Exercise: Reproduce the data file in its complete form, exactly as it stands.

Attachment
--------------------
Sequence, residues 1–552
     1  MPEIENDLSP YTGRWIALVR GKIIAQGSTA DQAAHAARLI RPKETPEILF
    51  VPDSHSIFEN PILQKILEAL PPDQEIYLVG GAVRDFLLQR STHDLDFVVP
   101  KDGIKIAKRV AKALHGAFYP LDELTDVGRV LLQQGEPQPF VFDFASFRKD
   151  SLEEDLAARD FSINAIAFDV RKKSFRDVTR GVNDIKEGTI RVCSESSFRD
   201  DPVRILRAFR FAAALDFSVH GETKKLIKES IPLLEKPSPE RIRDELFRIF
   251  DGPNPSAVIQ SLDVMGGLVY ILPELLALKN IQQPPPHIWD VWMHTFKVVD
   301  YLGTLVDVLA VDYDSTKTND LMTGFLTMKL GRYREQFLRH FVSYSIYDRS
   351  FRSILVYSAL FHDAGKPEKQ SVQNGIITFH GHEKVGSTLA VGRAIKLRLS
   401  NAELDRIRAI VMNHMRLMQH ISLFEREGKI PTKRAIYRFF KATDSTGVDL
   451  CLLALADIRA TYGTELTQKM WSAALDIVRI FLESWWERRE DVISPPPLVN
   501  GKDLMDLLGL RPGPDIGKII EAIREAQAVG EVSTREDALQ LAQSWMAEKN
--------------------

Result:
Sequence, residues 1–552
     1  MPEIENDLSP YTGRWIALVR GKIIAQGSTA DQAAHAARLI RPKETPEILF
    51  VPDSHSIFEN PILQKILEAL PPDQEIYLVG GAVRDFLLQR STHDLDFVVP
   101  KDGIKIAKRV AKALHGAFYP LDELTDVGRV LLQQGEPQPF VFDFASFRKD
   151  SLEEDLAARD FSINAIAFDV RKKSFRDVTR GVNDIKEGTI RVCSESSFRD
   201  DPVRILRAFR FAAALDFSVH GETKKLIKES IPLLEKPSPE RIRDELFRIF
   251  DGPNPSAVIQ SLDVMGGLVY ILPELLALKN IQQPPPHIWD VWMHTFKVVD
   301  YLGTLVDVLA VDYDSTKTND LMTGFLTMKL GRYREQFLRH FVSYSIYDRS
   351  FRSILVYSAL FHDAGKPEKQ SVQNGIITFH GHEKVGSTLA VGRAIKLRLS
   401  NAELDRIRAI VMNHMRLMQH ISLFEREGKI PTKRAIYRFF KATDSTGVDL
   451  CLLALADIRA TYGTELTQKM WSAALDIVRI FLESWWERRE DVISPPPLVN
   501  GKDLMDLLGL RPGPDIGKII EAIREAQAVG EVSTREDALQ LAQSWMAEKN